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Barack Obama, Democracy, and the Next Progressive Agenda

Chris Satullo of the Philadelphia Inquirer encourages Barack Obama to turn to Democracy‘s recent “What’s Next?” symposium to find the blueprint for the next progressive agenda.

By The Editors

Chris Satullo of the Philadelphia Inquirer encourages Barack Obama to turn to Democracy‘s recent “What’s Next?” symposium to find the blueprint for the next progressive agenda. Satullo writes that he hopes Obama will look at the following five ideas in particular:

1. A “third-age” initiative. This idea from Gara LaMarche of Atlantic Philanthropies responds to a rising realization. Retirement at 65 in a society where most people who reach that age will live 20 more years is just stupid. Boomers won’t want to settle for the golf cart and the crosswords. But they will flee the Dilbert cubicles. They’ll seek work of social meaning, in schools, hospitals and nonprofits. LaMarche suggests a tuition-assistance program to help seniors train for these “third-age” careers, perhaps using community colleges as a focal point.

2. A progressive consumption tax. This one is wild, but it gets you thinking. Robert Frank, an economics professor at Cornell University, has written brilliantly about upper-middle-class discontent inside America’s culture of spiraling consumption. His idea: tax consumption, not income. Reward savings, to boost a puny national savings rate that is putting us scarily in hock to China. How? His idea is nearly as simple but a lot more progressive than that right-wing sacred cow, the flat tax. All you’d report to the IRS is how much you earned the previous year, minus how much you saved. The more you save, the less your taxable consumption. Most middle-income Americans would pay less. Corporate moguls who throw million-dollar birthday parties would pay a lot more.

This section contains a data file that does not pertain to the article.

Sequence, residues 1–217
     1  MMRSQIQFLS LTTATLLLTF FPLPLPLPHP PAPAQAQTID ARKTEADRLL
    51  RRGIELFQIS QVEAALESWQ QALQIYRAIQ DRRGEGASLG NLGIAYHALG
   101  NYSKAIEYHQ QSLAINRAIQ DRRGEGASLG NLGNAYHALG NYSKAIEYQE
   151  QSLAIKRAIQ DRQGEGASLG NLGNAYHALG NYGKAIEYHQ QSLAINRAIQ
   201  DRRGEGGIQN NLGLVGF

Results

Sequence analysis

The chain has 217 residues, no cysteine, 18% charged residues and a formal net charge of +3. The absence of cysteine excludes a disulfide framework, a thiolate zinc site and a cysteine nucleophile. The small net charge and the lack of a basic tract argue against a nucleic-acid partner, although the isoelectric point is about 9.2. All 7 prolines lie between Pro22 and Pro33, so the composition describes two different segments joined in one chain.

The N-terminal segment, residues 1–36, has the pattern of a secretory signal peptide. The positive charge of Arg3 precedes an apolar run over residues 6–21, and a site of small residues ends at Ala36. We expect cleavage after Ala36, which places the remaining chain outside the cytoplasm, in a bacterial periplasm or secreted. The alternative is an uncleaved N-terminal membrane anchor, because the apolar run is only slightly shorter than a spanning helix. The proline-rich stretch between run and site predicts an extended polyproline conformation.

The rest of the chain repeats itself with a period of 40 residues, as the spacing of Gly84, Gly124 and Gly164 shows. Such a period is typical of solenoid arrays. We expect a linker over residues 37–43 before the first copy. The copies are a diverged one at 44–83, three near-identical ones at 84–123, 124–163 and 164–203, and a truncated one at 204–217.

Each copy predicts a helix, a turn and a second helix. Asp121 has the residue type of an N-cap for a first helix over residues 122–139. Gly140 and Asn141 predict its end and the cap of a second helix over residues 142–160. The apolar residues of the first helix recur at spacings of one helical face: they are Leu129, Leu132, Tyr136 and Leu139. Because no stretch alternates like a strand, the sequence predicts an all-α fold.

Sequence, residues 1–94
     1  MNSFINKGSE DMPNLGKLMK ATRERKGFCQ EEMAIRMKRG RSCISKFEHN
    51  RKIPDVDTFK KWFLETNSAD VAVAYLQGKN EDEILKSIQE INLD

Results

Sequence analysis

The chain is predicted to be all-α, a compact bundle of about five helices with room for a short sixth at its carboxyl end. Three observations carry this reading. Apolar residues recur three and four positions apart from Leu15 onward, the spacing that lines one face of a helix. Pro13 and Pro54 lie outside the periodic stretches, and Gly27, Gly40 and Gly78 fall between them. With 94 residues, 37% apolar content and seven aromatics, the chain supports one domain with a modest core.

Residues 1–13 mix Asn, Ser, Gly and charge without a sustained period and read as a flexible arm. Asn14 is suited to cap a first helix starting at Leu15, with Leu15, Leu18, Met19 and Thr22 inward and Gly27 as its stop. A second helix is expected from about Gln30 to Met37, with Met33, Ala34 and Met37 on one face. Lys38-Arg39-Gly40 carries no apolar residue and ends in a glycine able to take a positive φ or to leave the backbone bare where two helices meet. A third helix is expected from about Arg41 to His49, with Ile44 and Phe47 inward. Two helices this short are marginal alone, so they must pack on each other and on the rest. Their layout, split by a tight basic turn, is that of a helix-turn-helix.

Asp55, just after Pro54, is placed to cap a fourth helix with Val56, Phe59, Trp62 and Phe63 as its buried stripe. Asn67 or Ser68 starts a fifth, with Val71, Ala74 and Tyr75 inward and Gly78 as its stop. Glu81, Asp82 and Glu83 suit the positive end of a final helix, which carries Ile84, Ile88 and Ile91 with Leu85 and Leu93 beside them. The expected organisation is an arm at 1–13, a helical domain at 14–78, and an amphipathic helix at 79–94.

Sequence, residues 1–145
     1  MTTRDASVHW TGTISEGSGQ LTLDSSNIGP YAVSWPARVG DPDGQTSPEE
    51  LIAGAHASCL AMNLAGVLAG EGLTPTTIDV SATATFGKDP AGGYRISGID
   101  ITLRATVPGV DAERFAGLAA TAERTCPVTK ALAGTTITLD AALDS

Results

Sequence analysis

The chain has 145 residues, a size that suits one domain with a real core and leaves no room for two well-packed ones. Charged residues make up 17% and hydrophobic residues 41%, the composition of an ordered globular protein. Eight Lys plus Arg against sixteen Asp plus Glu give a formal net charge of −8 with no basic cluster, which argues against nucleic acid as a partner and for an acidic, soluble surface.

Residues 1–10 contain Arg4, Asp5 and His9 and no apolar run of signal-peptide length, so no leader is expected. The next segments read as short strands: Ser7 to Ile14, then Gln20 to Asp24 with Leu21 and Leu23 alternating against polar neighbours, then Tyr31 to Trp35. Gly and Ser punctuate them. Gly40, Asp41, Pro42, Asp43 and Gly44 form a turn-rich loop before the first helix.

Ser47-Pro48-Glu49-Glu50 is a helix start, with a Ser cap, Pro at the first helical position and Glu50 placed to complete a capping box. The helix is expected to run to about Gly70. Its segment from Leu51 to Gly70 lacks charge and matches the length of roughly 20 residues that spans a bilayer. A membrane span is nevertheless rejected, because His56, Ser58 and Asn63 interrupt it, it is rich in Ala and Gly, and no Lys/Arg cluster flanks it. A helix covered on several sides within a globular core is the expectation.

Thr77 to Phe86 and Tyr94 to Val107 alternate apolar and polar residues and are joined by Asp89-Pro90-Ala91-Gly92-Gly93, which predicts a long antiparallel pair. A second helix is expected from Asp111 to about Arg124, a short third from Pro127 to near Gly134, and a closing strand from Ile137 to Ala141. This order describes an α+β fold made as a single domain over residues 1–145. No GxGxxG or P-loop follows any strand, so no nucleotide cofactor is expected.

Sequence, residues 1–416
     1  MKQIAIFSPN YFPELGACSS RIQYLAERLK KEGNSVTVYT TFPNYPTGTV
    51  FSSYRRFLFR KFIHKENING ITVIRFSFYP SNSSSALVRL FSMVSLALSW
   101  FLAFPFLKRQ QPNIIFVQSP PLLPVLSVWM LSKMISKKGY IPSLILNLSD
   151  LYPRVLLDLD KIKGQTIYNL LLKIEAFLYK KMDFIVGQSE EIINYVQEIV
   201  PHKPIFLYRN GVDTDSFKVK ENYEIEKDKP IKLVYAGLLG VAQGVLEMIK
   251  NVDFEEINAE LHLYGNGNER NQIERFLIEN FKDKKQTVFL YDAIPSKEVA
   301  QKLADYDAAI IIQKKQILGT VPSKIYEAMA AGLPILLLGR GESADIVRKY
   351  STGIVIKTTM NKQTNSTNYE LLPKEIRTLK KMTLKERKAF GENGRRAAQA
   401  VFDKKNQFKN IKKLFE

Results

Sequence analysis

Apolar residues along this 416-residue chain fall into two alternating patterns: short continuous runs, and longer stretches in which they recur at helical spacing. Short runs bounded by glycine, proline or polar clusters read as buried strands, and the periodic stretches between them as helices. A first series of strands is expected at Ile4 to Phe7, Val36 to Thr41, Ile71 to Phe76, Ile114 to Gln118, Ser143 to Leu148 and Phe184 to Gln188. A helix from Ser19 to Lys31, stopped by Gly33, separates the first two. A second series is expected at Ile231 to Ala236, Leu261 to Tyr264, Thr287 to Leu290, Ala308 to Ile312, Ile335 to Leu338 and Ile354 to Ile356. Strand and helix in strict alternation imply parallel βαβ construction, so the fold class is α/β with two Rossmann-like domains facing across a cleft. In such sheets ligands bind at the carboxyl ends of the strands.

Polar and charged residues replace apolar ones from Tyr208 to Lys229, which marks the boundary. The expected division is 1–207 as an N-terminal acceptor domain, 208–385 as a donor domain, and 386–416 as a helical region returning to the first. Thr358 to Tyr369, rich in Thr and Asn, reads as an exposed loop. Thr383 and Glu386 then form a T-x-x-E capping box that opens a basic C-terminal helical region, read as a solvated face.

3. Medicare for long-term care. One of the dirty little secrets of America’s middle class is how it relies on Medicaid, supposedly an insurer of the poor, to pay for grandma’s nursing-home care. This clumsy method invites abuse and will become unsustainable as the baby boomers age. Jeanne Lambrew, a fellow at the Center for American Progress, has a better idea. Use Medicare as the reinsurance backstop for long-term-care insurance plans that the feds would vet and monitor. This would make the insurance more affordable, understandable and attractive.

4. Pay-as-you-drive car insurance. This idea from Jason Bordoff of the Brookings Institution is startlingly simple. The more you drive your car, the more you’d be charged for insurance. This would pool risk as effectively as insurers’ current Byzantine rating systems. In an era of an oil crunch and global warming, it would be a powerful incentive to curb the number of miles you drive.

5. Middle-class schools for all. How can we get children from low-income households to learn? Liberalism’s past big ideas, from busing to blitzing high-poverty schools with resources, haven’t worked. Neither have school vouchers, the right’s ruling obsession. Richard Kahlenberg, a fellow at the Century Foundation, notes that one of the top predictors of academic failure is attending a high-poverty school. So why not make economically integrated schools your core goal? Wake County, N.C., is trying this, and it seems to be working.

Read Satullo’s full article here.

And if you haven’t yet, be sure to read the complete symposium.

Philadelphia Inquirer

The Editors of Democracy: A Journal of Ideas are Michael Tomasky (Editor), Jack Meserve (Managing Editor), and Sophia Crabbe-Field (Associate Editor).

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